With 125 days left in 2014, we find ourselves looking at What’s Next for the oil & gas industry in the Marcellus and Utica Shale Plays. It has been an eventful year and with just four months until 2015, we look forward and identify key conferences, symposiums and issues that are top of mind.
Energy News Roundup: REX Pipeline Flows West, IOC’s Evacuate Iraq Personnel & Europe Gas Situation Stable for NowBy Jared Anderson
The Rockies Express (REX) natural gas pipeline, originally designed to transport gas from production centers located in the western US, has reversed some of its flow capacity in the opposite direction as a result of booming gas production from eastern shale resources like the Marcellus. Initially, a lateral pipeline extension will ship moderate gas volumes… Keep reading →
Coal and oil and gas producer Consol has agreed to sell its Consolidation Coal Company subsidiary, which holds five West Virginia coal mines, to Murray Energy for $3.5 billion. Consol aims to whittle its assets down to growth markets – natural gas production and coal for export – as the future of US power generation veers more… Keep reading →
NY Court of Appeals will decide whether state municipalities can use local zoning laws to ban hydraulic fracturing. Extent of Marcellus Shale Formation in NY State (Syracuse) On August 29, 2013, the Albany Court of Appeals announced its decision to consider two lawsuits challenging the authority of New York (NY) State municipalities to enact local… Keep reading →
Barclays is forecasting a long-term US natural gas price of $4.75 per million Btu, asserting that the $4.50-$5.00/MMBtu range is the golden mean that can both drive demand growth and ensure sufficient supply. “Natural gas prices at $4.50-5.00/MMBtu are high enough to motivate sufficient gas drilling to meet projected demand in the long run: a… Keep reading →
The NY State Assembly voted to enact legislation that would extend the moratorium on high volume hydraulic fracturing until 2015, aiming to facilitate additional health and environmental impact assessments.
On March 6, 2013, the New York State Assembly passed a bill to further suspend issuance of permits for high volume hydraulic fracturing until May 15, 2015. The bill passed with a vote of 95-40 and marks the Assembly’s third moratorium, following similar measures in 2010 and 2011. The industry currently awaits the release of DEC’s Supplemental Generic Environmental Impact Statement (SGEIS) and a subsequent ruling for permit issuance. Keep reading →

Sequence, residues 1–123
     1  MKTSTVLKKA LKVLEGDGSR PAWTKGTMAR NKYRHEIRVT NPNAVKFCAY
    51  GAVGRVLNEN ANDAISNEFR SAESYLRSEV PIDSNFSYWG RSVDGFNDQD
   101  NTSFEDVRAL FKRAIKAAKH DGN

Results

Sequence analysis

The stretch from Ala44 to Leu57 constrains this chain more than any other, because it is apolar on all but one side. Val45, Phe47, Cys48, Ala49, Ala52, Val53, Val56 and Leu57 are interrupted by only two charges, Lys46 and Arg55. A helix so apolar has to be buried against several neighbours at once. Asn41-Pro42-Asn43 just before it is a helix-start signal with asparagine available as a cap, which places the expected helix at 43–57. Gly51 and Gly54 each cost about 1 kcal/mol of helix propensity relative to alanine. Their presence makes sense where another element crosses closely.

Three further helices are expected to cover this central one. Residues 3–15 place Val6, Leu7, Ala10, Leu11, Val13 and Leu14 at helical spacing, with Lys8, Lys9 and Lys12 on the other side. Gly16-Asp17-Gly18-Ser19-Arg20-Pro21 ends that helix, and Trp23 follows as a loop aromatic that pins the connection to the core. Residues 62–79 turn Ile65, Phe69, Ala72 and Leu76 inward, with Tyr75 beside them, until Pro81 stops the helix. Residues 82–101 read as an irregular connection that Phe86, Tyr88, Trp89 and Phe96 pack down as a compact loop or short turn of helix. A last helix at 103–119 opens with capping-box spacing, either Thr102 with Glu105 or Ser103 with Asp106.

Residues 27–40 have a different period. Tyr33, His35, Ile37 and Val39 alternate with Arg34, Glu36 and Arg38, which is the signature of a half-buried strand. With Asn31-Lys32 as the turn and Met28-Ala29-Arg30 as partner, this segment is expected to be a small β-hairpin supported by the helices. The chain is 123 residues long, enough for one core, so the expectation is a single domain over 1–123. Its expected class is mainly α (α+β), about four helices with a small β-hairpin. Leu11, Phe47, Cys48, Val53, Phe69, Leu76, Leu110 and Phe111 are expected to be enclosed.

Summers in a Pennsylvania steel mill might seem like an unlikely place to find the future president of the American Fuel & Petrochemical Manufacturers association, but that’s where Charlie Drevna got his start. Now, it seems prescient as energy and manufacturing become ever more closely linked in the US.
When Drevna was working the mills, they were manufacturing drill pipe for oil and gas production in Oklahoma and other parts of the country where conventional hydrocarbon resources were being produced in volumes that many expected were in terminal decline. Keep reading →
Plans to roll back parts of Pennsylvania’s controversial new law on natural gas development would make the state less attractive to energy companies seeking to develop the Marcellus Shale, one of America’s biggest gas fields, critics say.
Democratic lawmakers in the state House want to remove a measure in Act 13 that restricts the control of municipalities over gas development, and to cancel a section that requires doctors to sign a confidentiality agreement if gas companies disclose the identities of fracking chemicals to them. Keep reading →
Natural gas industry calls for relying on statewide standards of regulation received a setback when a Pennsylvania court placed a temporary injunction on a new law that limits local control over the industry.
Commonwealth Court Senior Judge Keith Quigley ordered on April 11 that local ordinances over zoning for oil and gas installations must remain in place for the time being, placing a temporary hold on part of Pennsylvania’s new Act 13, a wide-ranging law governing development of the Marcellus Shale, one of America’s biggest natural gas fields. Keep reading →
US natural gas pipeline companies added about 2,400 miles of pipeline as part of 25 projects in 2011, helping to improve service in congested areas including California, Florida and parts of the Northeast, the Energy Information Administration said on Friday.
The new lines increased capacity by 13.7 billion cubic feet a day, about the same increase as in 2010 but less than that in 2008 and 2009 when a total of more than 60 bcf of capacity was added to keep pace with increasing shale-gas production, as well as new LNG terminals and storage facilities. Keep reading →